a Quantum circuit to teleport a state \(\left|\uparrow \right\rangle\) from qubit 1 to qubit 4. The conditional singlet–triplet measurement on qubits 1 and 2 induces teleportation, and the gray singlet–triplet measurement of the right pair verifies teleportation. b Experimentally measured probability distribution for 65,536 single-shot realizations of the teleportation sequence in a. The white cross indicates the threshold used to calculate probabilities. c Extracted probabilities p from the distribution in b. d Simulated probabilities computed neglecting any errors. e Simulated probabilities accounting for readout errors, state preparation errors, charge noise, and hyperfine fields. All probabilities are rounded to the nearest hundredth.

To verify conditional teleportation of the classical state, we perform an exchange gate on qubits 3 and 4 following the teleport [Fig. 3a]. In the case of successful teleportation, qubits 3 and 4 should have the \(\left|{\psi }_{34}\right\rangle ={\left|\uparrow \right\rangle }_{3}{\left|\uparrow \right\rangle }_{4}\) state, and the exchange gate should have no effect. Indeed, after measuring a singlet on the left pair, we do not observe significant exchange oscillations on the right pair, but after measuring a triplet on the left pair, we do observe exchange oscillations on the right pair [Fig. 3a]. As shown in Supplementary Fig. 2, eliminating the SWAP operation between qubits 2 and 3 or preparing a product state, instead of an EPR pair, on the right side, largely eliminate the conditional effect, consistent with our simulations (Supplementary Fig. 3). These data demonstrate that both the EPR pair and the SWAP operation are critical for teleportation, as expected.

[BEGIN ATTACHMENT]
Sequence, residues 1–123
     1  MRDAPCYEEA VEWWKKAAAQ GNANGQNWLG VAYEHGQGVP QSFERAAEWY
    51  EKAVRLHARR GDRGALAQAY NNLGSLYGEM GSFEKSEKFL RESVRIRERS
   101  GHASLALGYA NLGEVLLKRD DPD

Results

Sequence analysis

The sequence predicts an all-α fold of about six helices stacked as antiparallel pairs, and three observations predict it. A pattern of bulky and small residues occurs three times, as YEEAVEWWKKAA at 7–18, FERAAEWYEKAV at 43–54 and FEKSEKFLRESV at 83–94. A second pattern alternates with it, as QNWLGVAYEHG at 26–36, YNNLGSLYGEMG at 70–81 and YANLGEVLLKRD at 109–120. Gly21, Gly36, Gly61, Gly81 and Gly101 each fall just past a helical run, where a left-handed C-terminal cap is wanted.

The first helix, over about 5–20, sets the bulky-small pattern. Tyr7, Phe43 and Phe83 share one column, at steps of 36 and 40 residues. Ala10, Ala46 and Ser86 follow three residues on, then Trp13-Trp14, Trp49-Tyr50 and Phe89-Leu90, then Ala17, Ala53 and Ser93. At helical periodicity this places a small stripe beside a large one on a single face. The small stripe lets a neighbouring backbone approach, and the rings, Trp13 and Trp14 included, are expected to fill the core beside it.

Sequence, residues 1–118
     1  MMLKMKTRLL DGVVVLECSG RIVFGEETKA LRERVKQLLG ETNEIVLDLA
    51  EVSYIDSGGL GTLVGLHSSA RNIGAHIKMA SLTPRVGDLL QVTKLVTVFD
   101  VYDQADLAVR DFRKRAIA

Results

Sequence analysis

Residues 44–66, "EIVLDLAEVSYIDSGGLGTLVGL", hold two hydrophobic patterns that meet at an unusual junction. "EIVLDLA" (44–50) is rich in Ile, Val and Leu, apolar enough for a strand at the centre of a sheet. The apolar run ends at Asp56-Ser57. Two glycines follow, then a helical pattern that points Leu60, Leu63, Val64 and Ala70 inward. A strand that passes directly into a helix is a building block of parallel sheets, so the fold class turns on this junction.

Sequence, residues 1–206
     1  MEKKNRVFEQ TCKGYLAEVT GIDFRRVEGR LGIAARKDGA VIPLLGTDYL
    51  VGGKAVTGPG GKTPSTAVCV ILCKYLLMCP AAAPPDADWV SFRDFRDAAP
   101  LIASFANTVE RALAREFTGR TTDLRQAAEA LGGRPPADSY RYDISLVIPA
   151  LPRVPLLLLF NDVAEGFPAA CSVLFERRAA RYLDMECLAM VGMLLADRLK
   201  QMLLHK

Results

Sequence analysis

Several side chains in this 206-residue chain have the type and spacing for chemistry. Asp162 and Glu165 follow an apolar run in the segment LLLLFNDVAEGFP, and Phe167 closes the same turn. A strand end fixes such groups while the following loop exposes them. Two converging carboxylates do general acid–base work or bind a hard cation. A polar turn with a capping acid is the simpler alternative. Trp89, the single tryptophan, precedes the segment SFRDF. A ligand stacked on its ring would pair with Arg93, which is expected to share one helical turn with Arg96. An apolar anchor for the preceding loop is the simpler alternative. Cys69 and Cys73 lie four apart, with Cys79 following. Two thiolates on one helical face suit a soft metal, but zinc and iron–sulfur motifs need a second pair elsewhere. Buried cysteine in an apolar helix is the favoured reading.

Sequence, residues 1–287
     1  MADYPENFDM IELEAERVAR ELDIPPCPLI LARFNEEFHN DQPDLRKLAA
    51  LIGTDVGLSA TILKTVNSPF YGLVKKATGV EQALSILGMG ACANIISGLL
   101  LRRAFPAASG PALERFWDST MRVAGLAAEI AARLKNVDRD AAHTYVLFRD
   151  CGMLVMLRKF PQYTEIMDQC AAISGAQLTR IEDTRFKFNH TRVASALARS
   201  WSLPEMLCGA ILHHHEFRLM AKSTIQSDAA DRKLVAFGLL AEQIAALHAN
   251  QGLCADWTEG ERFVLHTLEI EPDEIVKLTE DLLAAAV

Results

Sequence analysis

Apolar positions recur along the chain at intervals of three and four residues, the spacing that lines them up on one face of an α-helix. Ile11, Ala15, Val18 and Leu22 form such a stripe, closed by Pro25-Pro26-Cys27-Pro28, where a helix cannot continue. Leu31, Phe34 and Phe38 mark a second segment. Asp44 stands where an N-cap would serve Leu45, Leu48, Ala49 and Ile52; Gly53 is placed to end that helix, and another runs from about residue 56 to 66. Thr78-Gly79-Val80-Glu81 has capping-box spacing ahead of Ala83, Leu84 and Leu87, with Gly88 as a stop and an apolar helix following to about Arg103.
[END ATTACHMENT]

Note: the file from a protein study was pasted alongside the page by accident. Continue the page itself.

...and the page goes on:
Fig. 3: Verification of conditional teleportation of a classical state.
figure 3